@E, would you not agree that there is a palpable, albeit subtle difference between the everyday pressure to perform and the “screw up once and your out pressures” placed on our young players? They are not the same pressures. You might say one results in healthy competition and is positive and the other augers of punishment and even vindictiveness. Totally different.

E
Guest
Member

I believe thats what I was not so well trying to communicate. Patient, new-knowledge guys can communicate that pressure does exist, but to use that pressure as a teaching tool as you intimate, as opposed to a stick or “control” technique which is what old-school, old-knowledge water boarders like Bochy and Sabean are. They use pressure as a threat. Fools.

MoragaJohn
Guest
Member
MoragaJohn

Could not agree more… “fools” maybe… lacking psych 101 for sure.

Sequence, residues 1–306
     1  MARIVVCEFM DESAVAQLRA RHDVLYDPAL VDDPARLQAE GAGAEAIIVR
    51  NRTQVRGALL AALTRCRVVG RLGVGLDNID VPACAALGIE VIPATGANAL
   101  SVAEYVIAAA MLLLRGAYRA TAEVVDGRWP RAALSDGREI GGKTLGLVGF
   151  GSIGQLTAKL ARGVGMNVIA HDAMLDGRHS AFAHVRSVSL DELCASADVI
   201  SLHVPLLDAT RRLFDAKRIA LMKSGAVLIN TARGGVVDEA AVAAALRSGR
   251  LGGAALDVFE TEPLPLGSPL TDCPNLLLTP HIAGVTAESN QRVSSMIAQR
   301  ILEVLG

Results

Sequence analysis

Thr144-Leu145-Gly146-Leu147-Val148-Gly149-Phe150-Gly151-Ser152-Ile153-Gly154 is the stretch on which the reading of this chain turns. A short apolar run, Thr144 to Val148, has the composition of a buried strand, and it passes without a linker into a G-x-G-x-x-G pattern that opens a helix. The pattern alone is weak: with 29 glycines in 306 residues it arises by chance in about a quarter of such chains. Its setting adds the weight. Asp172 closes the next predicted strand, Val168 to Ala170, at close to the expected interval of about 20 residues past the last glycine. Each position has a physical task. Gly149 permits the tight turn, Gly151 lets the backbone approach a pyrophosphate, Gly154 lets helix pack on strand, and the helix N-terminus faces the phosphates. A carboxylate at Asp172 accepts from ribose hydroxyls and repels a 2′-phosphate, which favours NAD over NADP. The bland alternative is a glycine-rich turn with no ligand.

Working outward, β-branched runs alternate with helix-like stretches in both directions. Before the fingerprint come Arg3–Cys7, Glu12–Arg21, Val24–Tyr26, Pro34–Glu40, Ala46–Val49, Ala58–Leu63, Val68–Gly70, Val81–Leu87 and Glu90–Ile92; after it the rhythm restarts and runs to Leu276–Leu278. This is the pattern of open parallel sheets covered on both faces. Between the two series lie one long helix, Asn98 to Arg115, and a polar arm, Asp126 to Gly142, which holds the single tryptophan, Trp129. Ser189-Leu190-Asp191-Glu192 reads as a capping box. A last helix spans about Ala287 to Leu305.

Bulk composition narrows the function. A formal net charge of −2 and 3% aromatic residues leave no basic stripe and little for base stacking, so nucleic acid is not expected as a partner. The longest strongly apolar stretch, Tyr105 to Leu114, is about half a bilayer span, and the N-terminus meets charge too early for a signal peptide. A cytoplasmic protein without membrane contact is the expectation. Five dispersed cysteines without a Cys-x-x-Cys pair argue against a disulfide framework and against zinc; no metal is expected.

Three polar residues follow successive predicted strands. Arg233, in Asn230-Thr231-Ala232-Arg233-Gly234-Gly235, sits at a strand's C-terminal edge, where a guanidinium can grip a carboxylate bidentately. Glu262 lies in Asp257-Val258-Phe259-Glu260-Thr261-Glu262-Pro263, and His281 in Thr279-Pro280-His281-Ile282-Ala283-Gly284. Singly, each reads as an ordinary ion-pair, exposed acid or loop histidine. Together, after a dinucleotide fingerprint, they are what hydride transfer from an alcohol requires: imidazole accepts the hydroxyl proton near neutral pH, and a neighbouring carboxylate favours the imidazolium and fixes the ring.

E
Guest
Member

My comments are too long for here, so I gave it a post over at my place. http://wherehaveyougonejoe.com/public_html/article.php?story=20120504131112970

noah
Guest
Member
noah

all well and good on hitting, but what about his sudden inability to catch the ball? Unless he gets his head on straight, he’s on his way to being one of the worst defensive SS in MLB. Clearly, he has the ability to play really good defense, but he just doesn’t seem to have the head for major league ball. Hoping I’m wrong, but not holding my breath.

3rdKing
Guest
Member
3rdKing

i read that to my girl last night and she about died laughing…she’s happy crawford is no longer in the lineup so and she is a crawford fan….

devnull
Guest
Member
devnull